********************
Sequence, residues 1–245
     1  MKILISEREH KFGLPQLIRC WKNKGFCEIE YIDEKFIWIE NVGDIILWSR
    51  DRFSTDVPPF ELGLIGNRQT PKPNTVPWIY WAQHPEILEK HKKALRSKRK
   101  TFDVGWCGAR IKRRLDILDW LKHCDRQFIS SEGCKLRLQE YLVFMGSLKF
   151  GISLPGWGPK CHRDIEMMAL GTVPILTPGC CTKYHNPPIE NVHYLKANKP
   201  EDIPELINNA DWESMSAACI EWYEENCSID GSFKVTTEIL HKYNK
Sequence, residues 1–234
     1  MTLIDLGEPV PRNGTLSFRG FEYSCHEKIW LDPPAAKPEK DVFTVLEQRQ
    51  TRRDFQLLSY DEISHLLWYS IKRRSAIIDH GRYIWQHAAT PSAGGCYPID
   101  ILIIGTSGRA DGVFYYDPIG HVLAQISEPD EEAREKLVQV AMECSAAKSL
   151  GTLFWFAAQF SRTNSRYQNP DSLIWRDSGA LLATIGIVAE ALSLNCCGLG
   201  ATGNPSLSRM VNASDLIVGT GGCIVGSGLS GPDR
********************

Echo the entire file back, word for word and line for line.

Sequence, residues 1–245
     1  MKILISEREH KFGLPQLIRC WKNKGFCEIE YIDEKFIWIE NVGDIILWSR
    51  DRFSTDVPPF ELGLIGNRQT PKPNTVPWIY WAQHPEILEK HKKALRSKRK
   101  TFDVGWCGAR IKRRLDILDW LKHCDRQFIS SEGCKLRLQE YLVFMGSLKF
   151  GISLPGWGPK CHRDIEMMAL GTVPILTPGC CTKYHNPPIE NVHYLKANKP
   201  EDIPELINNA DWESMSAACI EWYEENCSID GSFKVTTEIL HKYNK
Sequence, residues 1–234
     1  MTLIDLGEPV PRNGTLSFRG FEYSCHEKIW LDPPAAKPEK DVFTVLEQRQ
    51  TRRDFQLLSY DEISHLLWYS IKRRSAIIDH GRYIWQHAAT PSAGGCYPID
   101  ILIIGTSGRA DGVFYYDPIG HVLAQISEPD EEAREKLVQV AMECSAAKSL
   151  GTLFWFAAQF SRTNSRYQNP DSLIWRDSGA LLATIGIVAE ALSLNCCGLG
   201  ATGNPSLSRM VNASDLIVGT GGCIVGSGLS GPDR